Complications of anterior spinal surgery in children

Stacie Grossfeld, Robert B. Winter, John E. Lonstein, Francis Denis, Arnold Leonard, Linda Johnson

Research output: Contribution to journalArticlepeer-review

50 Scopus citations


The purpose of this study was to document the medical and surgical complications of anterior spine surgery in children and to identify risk factors for complications. A retrospective chart review was conducted of 599 anterior procedures (24 anterior only, 300 staged anterior/posterior, 175 combined anterior/posterior procedures) performed between 1967 and 1991. Major complications occurred in 7.5% of procedures and minor complications in 33%. Risk factors for major complications were age >14 years, male gender, kyphotic curve type, curve sizes >100°, vital capacity <40% of predicted, and use of thoracotomy. Risk factors for minor complications were age >14 years, curves >100°, vital capacity <40% of predicted, and use of a staged procedure. Multivariate analyses of risk factors identified age >14 years and curves >100°as the most significant risk factors for major complications and age >14 years for minor complications. We concluded that anterior spinal surgery can be performed in children with an acceptable level of risk and that referral for surgery before 14 years of age and before the curve size progresses will significantly reduce the risk of complications.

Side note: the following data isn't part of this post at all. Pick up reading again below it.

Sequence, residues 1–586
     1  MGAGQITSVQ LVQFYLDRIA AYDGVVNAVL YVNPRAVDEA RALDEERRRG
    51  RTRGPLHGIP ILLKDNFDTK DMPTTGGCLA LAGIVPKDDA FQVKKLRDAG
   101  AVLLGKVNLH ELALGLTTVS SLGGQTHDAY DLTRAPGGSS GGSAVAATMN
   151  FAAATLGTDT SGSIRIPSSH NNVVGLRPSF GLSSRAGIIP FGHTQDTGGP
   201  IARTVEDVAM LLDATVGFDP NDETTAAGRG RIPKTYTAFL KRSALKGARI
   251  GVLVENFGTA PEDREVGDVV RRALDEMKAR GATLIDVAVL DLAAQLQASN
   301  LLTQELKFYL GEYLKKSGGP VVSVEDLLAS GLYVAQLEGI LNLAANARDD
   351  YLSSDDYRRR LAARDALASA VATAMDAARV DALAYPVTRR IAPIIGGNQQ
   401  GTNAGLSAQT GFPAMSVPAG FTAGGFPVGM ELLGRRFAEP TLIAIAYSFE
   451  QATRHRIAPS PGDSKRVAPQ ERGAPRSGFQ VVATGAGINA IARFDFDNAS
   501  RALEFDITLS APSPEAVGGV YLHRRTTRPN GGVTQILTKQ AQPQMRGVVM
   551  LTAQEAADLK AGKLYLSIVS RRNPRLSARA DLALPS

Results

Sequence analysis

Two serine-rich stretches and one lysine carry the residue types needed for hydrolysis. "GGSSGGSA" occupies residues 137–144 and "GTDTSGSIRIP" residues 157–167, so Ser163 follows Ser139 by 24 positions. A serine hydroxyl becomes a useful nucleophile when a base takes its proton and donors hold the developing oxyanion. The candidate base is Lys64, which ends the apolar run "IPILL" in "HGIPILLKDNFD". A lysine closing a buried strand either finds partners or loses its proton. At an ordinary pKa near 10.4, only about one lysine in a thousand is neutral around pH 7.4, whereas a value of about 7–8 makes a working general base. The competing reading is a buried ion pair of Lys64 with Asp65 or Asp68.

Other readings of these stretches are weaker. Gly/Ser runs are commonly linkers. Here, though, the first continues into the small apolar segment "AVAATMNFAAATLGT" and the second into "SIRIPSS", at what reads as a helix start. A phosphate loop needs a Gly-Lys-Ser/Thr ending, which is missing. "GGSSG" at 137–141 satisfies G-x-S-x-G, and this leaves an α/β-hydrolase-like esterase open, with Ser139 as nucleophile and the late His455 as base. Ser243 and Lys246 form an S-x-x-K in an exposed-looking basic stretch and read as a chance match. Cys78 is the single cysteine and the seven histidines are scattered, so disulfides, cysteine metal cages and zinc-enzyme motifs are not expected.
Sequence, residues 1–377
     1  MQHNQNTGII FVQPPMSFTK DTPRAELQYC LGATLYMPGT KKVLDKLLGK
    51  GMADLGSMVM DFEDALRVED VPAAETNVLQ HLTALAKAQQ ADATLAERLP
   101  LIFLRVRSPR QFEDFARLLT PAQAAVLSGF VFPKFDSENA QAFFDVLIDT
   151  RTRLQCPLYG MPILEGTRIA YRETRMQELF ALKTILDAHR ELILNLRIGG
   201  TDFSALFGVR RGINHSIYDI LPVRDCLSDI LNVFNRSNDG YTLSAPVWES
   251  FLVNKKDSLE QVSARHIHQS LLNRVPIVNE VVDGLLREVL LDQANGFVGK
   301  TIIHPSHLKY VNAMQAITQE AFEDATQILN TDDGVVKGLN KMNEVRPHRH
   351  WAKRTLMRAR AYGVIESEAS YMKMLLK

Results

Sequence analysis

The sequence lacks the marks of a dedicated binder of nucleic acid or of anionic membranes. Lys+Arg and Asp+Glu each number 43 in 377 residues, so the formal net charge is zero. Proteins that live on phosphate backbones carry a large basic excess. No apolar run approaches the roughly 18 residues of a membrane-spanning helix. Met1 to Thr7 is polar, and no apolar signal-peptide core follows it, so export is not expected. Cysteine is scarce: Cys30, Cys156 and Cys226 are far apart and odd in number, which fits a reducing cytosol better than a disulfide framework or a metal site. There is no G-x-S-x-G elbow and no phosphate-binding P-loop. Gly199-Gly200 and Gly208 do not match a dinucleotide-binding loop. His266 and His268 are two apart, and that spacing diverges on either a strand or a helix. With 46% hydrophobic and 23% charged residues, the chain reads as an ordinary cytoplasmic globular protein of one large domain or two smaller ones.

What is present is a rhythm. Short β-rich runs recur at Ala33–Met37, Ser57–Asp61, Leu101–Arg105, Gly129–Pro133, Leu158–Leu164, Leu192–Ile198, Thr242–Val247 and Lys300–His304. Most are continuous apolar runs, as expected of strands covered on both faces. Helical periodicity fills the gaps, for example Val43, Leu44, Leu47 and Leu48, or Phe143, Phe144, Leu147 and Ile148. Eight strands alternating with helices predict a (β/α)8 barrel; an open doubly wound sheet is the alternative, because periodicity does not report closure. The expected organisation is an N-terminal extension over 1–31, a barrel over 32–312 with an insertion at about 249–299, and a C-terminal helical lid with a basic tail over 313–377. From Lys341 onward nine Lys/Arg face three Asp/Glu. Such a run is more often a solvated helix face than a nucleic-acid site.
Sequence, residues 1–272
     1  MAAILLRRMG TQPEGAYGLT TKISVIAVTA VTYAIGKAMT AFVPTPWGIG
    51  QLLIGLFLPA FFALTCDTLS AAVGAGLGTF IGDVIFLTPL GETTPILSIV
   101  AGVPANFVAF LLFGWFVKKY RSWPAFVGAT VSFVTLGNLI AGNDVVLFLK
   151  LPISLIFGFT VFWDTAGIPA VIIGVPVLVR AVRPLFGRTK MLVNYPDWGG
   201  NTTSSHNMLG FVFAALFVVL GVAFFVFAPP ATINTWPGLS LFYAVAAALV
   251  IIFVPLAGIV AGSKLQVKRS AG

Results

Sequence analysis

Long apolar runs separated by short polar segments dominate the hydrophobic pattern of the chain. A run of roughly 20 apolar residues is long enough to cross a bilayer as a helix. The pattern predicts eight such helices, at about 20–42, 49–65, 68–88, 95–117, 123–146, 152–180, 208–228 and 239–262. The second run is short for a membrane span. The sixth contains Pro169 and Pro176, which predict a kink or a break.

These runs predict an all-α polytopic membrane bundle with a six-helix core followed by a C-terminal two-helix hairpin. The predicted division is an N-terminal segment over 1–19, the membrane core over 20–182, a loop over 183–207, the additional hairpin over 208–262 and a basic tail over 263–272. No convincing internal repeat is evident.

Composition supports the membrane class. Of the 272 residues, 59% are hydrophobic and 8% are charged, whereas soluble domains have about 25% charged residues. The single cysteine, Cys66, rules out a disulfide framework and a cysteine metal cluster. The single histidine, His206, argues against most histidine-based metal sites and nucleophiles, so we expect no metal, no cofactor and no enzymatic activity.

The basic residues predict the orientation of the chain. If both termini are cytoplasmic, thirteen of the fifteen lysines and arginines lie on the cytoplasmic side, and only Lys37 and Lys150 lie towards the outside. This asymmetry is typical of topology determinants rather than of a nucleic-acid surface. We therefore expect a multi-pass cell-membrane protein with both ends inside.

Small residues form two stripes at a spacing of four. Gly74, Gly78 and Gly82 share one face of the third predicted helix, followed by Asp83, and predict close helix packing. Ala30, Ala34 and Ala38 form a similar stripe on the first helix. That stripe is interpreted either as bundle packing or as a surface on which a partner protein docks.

Original languageEnglish (US)
Pages (from-to)89-95
Number of pages7
JournalJournal of Pediatric Orthopaedics
Issue number1
StatePublished - 1997
Externally publishedYes


  • Anterior spinal surgery
  • Children
  • Medical complications
  • Risk factors
  • Surgical complications


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